Netflix and Jennifer Lopez’ “The Mother” is an intriguing drama suffocated by a bad action movie.
Read our Editorial Guidelines regarding how posts are written and rated and our use of affiliate links.
|Date Released (Netflix)
|May 12th, 2023
|1 hr, 55 mins
|Gael García Bernal
This content contains pertinent spoilers. Also, images and text in this post may contain affiliate links which, if a purchase is made from those sites, we may earn money or products from the company.
The Mother spends her life in hiding for twelve years until she learns her daughter’s life is in danger when criminals/ex-coworkers (Joseph Fiennes and Gael García Bernal) plan to hunt her down. She is prepared to go to great lengths to protect her child (played by an equally inquisitive yet naive Lucy Paez). Some of those great lengths include shooting up a children’s playground, waterboarding people, and many explosions.
This movie is a rush of quick cuts, bullets, and little explanation. But if you stop to think about what’s going on, “The Mother” quickly unravels. We never learn the Mother’s name or much about her background. When her daughter asks questions, the Mother responds with, “You’re too young,” but the audience never gets an answer either. There’s a difference between mystery and thin writing. “The Mother” throws so many action scenes at the viewer that they barely have time to process the story or feel for any character in the movie.
Things To Note
Why Is “The Mother” Rated R
- Dialogue: Some profanity
- Violence: All sorts of bloody violence, especially of the stabbing variety.
- Sexual Content: Some suggestions/threats of sexual assault
Question(s) Left Unanswered
- Why did Adrian want The Mother or Zoe?
- Zoe really didn’t seem to learn that the wolves weren’t pets, huh?
Please Note: This character guide is not an exhaustive list of every cast member, and character descriptions may contain what can be considered spoilers.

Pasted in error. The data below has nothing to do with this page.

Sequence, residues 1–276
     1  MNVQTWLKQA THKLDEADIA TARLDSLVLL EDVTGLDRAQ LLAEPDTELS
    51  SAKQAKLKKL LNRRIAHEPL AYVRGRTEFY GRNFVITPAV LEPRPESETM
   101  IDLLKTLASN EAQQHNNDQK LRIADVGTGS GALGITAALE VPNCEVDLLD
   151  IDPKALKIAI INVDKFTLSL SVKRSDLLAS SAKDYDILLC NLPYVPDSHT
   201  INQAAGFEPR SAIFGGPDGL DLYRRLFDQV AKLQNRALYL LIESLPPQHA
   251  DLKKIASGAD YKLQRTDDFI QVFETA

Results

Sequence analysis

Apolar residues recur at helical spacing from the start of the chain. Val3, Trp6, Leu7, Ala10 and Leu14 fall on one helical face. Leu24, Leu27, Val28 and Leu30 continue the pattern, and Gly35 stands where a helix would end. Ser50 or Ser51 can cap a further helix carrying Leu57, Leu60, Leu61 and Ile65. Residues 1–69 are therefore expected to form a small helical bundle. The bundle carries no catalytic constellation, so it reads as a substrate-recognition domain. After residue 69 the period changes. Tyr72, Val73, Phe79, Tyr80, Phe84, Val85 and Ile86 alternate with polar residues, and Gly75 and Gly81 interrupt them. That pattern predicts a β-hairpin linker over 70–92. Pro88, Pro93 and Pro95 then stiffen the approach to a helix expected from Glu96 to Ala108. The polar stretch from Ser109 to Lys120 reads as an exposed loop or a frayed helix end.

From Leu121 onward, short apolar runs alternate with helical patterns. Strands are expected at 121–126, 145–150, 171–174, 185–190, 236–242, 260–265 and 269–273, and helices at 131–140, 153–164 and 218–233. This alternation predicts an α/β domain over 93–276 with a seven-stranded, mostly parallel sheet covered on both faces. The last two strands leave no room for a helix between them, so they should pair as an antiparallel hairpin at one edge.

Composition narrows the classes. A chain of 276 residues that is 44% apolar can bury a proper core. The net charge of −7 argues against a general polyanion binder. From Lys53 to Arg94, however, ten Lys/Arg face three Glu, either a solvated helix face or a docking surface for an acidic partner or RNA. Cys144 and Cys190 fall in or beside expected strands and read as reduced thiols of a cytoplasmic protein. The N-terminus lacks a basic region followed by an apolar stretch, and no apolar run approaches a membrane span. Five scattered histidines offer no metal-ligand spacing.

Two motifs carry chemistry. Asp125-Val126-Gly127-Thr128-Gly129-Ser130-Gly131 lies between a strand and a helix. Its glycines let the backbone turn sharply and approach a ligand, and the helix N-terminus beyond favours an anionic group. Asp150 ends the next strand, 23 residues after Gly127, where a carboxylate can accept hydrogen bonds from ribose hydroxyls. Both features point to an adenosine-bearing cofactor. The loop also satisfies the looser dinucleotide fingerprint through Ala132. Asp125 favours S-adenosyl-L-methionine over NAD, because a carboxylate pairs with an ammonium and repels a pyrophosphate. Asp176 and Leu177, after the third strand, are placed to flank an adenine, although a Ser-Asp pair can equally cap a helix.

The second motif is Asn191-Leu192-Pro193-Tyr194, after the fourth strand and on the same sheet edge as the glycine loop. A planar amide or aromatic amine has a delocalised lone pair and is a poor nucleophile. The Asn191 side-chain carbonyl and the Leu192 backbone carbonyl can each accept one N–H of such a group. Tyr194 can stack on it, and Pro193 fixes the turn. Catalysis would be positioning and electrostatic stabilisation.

A trained fighter and assassin who works with the FBI to protect her daughter. The Mother lives a life in exile until her past comes back to haunt her.
The leader of a large crime syndicate who will stop at nothing to find The Mother and her daughter.
A highly inquisitive girl who’s slowly learning about her mom’s past and lifestyle: while Zoe wants to return home, she understands her life is in danger.
Our Rating: Mixed (Divisive)
The Developed Relationship Between the Mother and Daughter
Halfway through the film, the action stops. The Mother takes Zoe to her hidden shack in the woods, where she learns more about her mom’s philosophy and lifestyle. These 20 minutes of the movie contain wit, shifting power dynamics, and nice exposition for the mom and daughter’s contrasting views. If the film was dedicated to seeing how a distant mom and daughter reconnect in the unforgiving bitter cold and outdoors, that would have made a more original and intriguing film.
Little Explanation Provides Little Understanding and Empathy for Characters
We never fully learn why the bad guy is so intent on hunting down The Mother. At one point, he wants to kidnap Zoe to get The Mother’s attention; at another point, he’s fine with Zoe dying; and then, at the end, he wants to take Zoe again. The movie puts in little work to explain why we should care about anyone or their actions.
On The Fence
Jennifer Lopez as an Assassin
One of the sillier elements of the movie is Jennifer Lopez, in full hair and makeup, hunting down deer in the snow. The character is meant to be tough and ruthless, yet Jennifer Lopez rarely gets down and dirty in the action. This is a person who has lived in the woods for 12 years and is a combat veteran, but there’s no grit in Lopez’s appearance or performance. Some may see this as part of the movie’s appeal. For me, it’s distracting.
Confusing Action That Numbs Instead of Excites
The action scenes consist of quick cuts—a gun here and a body there, close-ups of feet running, faceless enemies—and none of it really makes sense if it weren’t for the intense music playing. The editing for the action creates urgency, but the quick cuts create more confusion than raise the dramatic stakes.
Follow, Like and Subscribe